Devereux Chambers silk Jonathan Fisher QC has left the set to launch a white-collar crime firm under new Bar Standards Board (BSB) entity rules.

Fisher is the 54th barrister to register as an entity following their introduction by the BSB in April 2015. He is only the seventh QC to register such a business, which allows for the creation of advocacy and advisory focused partnerships between barristers and solicitors.

His new firm, Bright Line Law, will provide financial crime, fraud and related tax advice to both law firms and businesses directly. It will operate from offices in central London and Manchester.

There has been an explosion in white-collar crime work recently, particularly among the large commercial firms and chambers. Fountain Court recently hired a group of silks and juniors led by Outer Temple’s Richard Lissack QC to launch the first corporate crime practice at the elite commercial bar.

The uptick has in part been prompted by high-profile corporate corruption scandals in the financial services, pharmaceuticals, energy and automotive sectors, as well as the increasing strength of investigatory bodies such as the Serious Fraud Office (SFO) in the UK.

However Fisher said his decision to launch his own “barrister-led firm” was only in part thanks to an increase in work.

“It’s certainly a very bubbling area at the moment but it’s a potentially saturated area too,” he said. “Large firms have piled into corporate investigations work but we’re living in times where the Government doesn’t have a lot of money and I think it’s reached a peak. There will be some more major investigations but not as many as people anticipate.”

Instead, Fisher said there was room at the bar for a “specialist entity that focuses its expertise on a particular area”. He added that it was difficult to successfully focus a niche practice at a large chambers “where everyone is pulling in different directions”.

Fisher said it was also “important for clients to have access to their barrister”, adding that in white-collar crime clients want their barrister to be more flexible and present.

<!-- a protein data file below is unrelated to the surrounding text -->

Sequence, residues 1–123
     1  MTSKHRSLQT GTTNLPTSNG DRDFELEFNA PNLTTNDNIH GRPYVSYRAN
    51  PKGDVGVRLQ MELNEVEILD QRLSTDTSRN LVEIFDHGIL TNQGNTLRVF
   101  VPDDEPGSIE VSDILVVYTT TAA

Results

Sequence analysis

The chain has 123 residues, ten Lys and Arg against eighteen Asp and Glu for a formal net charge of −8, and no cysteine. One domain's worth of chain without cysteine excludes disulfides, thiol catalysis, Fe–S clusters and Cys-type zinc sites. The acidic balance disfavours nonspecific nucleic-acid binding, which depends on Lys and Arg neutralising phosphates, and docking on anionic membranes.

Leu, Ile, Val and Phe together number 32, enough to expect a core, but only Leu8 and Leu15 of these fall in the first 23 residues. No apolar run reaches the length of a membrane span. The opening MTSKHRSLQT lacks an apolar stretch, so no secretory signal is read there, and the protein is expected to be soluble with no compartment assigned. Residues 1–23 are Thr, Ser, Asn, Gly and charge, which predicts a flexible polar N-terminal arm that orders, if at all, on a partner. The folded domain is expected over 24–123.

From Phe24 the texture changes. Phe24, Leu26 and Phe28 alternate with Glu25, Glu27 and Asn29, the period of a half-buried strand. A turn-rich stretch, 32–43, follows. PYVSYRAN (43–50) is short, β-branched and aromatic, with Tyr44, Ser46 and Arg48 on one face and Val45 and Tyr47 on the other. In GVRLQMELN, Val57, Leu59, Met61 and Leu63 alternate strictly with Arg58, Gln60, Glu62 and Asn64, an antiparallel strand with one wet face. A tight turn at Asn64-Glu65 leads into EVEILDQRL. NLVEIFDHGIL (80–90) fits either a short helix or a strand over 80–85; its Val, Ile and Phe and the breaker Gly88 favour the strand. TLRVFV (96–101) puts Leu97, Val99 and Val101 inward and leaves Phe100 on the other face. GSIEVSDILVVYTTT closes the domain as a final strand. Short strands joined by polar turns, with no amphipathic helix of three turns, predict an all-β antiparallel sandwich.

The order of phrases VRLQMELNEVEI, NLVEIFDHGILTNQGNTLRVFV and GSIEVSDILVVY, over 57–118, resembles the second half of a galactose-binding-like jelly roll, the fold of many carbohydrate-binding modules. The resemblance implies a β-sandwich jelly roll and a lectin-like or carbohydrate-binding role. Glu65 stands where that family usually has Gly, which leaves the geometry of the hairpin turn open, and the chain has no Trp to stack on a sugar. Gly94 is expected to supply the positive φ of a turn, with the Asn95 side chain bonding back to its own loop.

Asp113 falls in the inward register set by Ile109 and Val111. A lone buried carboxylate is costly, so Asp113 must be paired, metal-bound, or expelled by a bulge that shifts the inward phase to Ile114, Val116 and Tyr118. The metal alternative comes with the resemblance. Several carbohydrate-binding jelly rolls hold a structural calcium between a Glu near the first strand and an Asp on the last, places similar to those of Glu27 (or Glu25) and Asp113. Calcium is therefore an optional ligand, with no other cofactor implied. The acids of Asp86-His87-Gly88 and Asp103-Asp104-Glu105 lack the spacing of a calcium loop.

“The attraction for me is that being a corporate entity gives you enormous flexibility,” Fisher said. “It gives me the route of employing other barristers or bringing others in as directors or shareholders, I could also go into a joint venture with firms of solicitors. I also have the ability to instruct other counsel and can outsource much more easily.”

Fisher said he was “not trying to compete with solicitors’ firms”, and although he had noticed an increasing number of approaches from members of the public, business directors and accountants, “the vast majority of my work still comes from solicitors”.

“The bar has to be very careful with public access – we don’t have the systems or experience in place to take on law firms,” Fisher continued.

The rise of entities

The BSB started accepting applications for barristers to become regulated entities early last year. Just one silk, Atlantic Chambers’ head Simon Gorton QC, was among the first 13 barristers to be approved by the BSB in April. Since the initial wave, six more have joined the roll including Fisher.

They are: Fountain Court’s Richard Lissack QC; Outer Temple’s Gerard McDermott QC; 1 Pump Court’s Simon Bickler QC; St Philips Commercial Chambers’ Ed Pepperall QC; Bright Line Law’s Jonathan Fisher QC; and Six Pump Court’s Stephen Hockman QC.

Entities are “companies or partnerships that provide advocacy, litigation, and expert legal advice services”, according to the BSB guidelines.

“Previously, the BSB only regulated individual barristers. The BSB is now able to regulate businesses owned and managed by barristers and other lawyers,” the guidelines said.

However the addition of entities to the bar has been met with criticism by some who have accused the system of being a vehicle to enable barristers to pay less tax.

An entity has 21 days from receiving authorisation to show the regulator evidence it has appropriate insurance arrangements in place, without which it cannot provide legal services. The minimum level of cover each entity is expected to have is £500,000 per claim.

The full list of approved entities can be found on the BSB register.